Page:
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Made a Donation After Hurricane Sandy?

Published on March 28, 2013

Photo by Greg Foster via Flickr for Creative Commons

Now that a few months have gone by, and the Northeast continues to rebuild and recovery from the devastation left in Hurricane Sandy’s wake, there are a few things to keep in mind with the end of the tax season closing in. The IRS has provided some help for victims of the hurricane which may affect your current retirement plan(s).

First of all, the IRS has eased the rules a bit to allow company retirement plans to make loans and hardship distributions to Sandy victims (this rule does not apply to IRAs). They have also postponed certain tax-related deadlines, such as the 60-day rollover period, the correction of excess contributions, etc. These postponements apply to IRA and company retirement plans.

For those of you reading this that have not been victimized by Hurricane Sandy, there are some ways to use your IRA money to donate and make charitable contributions to those in need. Some of these avenues include the following:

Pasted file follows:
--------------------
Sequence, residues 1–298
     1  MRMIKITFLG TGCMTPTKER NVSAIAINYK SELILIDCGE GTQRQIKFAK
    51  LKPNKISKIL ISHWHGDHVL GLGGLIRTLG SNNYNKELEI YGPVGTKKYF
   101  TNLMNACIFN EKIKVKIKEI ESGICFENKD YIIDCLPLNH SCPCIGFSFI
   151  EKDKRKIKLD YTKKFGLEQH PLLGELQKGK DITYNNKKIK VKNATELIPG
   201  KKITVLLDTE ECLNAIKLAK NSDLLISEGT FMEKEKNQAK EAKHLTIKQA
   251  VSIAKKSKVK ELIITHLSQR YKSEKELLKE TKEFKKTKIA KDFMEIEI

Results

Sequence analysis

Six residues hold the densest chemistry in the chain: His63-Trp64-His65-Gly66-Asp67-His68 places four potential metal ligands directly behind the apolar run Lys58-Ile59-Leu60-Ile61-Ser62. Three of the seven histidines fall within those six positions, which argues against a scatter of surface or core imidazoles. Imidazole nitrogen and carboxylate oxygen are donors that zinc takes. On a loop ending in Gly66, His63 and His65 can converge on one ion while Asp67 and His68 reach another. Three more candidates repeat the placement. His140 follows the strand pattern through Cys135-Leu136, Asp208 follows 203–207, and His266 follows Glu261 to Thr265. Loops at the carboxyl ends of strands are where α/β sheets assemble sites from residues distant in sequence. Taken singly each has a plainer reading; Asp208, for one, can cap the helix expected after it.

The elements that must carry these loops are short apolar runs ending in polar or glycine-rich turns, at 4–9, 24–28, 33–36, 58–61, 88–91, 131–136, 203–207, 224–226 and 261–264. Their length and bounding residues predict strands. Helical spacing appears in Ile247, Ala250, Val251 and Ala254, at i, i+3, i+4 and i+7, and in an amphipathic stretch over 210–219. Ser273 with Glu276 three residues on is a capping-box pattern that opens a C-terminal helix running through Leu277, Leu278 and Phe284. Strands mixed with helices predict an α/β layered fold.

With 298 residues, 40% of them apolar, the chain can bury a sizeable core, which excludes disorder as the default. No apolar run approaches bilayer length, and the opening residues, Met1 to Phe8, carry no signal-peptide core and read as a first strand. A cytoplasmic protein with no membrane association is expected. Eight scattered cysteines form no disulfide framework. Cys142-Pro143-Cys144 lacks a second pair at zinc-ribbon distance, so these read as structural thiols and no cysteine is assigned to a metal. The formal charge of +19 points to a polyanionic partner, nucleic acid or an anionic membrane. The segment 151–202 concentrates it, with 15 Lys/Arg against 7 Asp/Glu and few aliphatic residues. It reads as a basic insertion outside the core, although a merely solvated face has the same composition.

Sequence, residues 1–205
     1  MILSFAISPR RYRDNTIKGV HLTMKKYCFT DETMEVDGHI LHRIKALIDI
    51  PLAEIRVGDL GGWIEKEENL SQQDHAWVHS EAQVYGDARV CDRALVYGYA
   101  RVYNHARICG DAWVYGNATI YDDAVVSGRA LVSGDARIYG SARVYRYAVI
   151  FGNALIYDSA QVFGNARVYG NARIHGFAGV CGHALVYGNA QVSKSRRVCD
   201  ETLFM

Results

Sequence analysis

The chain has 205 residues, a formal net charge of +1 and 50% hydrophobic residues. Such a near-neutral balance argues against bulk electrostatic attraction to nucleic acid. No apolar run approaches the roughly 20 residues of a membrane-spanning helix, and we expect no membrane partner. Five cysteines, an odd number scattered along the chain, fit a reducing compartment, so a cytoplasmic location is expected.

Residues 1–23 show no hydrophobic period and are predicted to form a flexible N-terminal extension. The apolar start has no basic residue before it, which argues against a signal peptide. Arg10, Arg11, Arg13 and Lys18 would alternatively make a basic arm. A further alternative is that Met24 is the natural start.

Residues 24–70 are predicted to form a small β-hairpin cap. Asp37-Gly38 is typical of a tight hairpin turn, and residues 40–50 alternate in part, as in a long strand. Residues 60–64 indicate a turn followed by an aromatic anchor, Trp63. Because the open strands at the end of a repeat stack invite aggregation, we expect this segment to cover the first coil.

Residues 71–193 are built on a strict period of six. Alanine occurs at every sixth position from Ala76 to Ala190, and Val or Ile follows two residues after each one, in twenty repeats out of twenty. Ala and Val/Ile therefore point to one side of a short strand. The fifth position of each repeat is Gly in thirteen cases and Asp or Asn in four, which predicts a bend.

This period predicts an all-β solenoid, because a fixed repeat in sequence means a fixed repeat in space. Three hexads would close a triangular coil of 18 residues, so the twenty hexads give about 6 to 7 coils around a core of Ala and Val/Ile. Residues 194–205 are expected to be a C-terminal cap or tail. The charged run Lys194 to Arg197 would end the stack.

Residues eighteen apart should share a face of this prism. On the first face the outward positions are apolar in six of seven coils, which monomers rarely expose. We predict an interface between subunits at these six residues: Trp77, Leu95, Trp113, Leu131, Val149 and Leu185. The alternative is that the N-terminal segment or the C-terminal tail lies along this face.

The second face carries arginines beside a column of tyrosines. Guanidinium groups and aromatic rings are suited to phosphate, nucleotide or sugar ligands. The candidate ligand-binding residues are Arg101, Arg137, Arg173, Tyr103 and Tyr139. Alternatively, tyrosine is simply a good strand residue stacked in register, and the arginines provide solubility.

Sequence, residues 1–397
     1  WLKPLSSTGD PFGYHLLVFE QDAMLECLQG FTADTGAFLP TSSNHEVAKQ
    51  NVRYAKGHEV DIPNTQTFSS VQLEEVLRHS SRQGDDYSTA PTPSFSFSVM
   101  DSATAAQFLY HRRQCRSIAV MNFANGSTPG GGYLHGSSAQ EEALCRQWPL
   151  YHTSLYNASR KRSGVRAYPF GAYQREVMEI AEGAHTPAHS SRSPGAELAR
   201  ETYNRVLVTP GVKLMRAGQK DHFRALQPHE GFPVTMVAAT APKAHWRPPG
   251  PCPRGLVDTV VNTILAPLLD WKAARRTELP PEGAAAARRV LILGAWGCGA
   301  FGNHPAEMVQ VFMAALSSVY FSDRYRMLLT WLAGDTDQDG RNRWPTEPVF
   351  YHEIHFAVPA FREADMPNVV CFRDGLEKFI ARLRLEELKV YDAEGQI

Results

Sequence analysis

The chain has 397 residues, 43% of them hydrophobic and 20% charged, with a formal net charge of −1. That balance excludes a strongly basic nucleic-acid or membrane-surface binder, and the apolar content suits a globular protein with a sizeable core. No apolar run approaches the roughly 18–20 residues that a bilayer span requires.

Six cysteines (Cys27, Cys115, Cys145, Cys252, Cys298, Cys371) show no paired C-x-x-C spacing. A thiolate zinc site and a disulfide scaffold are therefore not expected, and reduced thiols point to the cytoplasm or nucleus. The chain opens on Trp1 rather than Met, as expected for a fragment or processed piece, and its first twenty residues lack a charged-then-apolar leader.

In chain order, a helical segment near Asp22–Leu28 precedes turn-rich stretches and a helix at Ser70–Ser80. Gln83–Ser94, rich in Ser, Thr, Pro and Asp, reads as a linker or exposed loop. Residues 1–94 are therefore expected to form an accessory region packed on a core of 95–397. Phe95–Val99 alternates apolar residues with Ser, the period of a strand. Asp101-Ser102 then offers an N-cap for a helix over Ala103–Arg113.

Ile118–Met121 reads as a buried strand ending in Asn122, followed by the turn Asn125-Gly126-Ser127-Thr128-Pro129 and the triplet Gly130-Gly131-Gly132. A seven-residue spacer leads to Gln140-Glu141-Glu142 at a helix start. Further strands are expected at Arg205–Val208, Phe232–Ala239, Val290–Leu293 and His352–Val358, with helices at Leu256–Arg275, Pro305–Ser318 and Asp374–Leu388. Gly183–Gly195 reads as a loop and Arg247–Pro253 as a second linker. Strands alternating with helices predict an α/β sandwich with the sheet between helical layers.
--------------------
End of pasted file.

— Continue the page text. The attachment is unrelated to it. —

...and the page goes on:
• The IRS has agreed to expedite the review and approval process for new charities.
    • However, keep in mind that existing organizations may be able to administer relief programs more efficiently, as they have existing funding and guidelines in place.
    • The IRS offers helpful information in “Publication 3833, Disaster Relief: Providing Assistance through Charitable Organizations.”
    • You may make a donation to a charitable organization with funds from your IRA.
      • Since Qualified Charitable Distributions (QCDs) expired in 2011, and Congress has yet to renew them, any funds removed from the IRA must be taken as a distribution and will considered as such.
      • Anyone who wishes to donate this way and under age 59 ½ will be subject to a 10% penalty by the IRS for distributing early. Consult your accountant or financial planner to see if you can claim a tax deduction.

To read more about ways to contribute to Sandy victims, please check out this article by titled, “Charities, IRAs, and Hurricane Sandy.”

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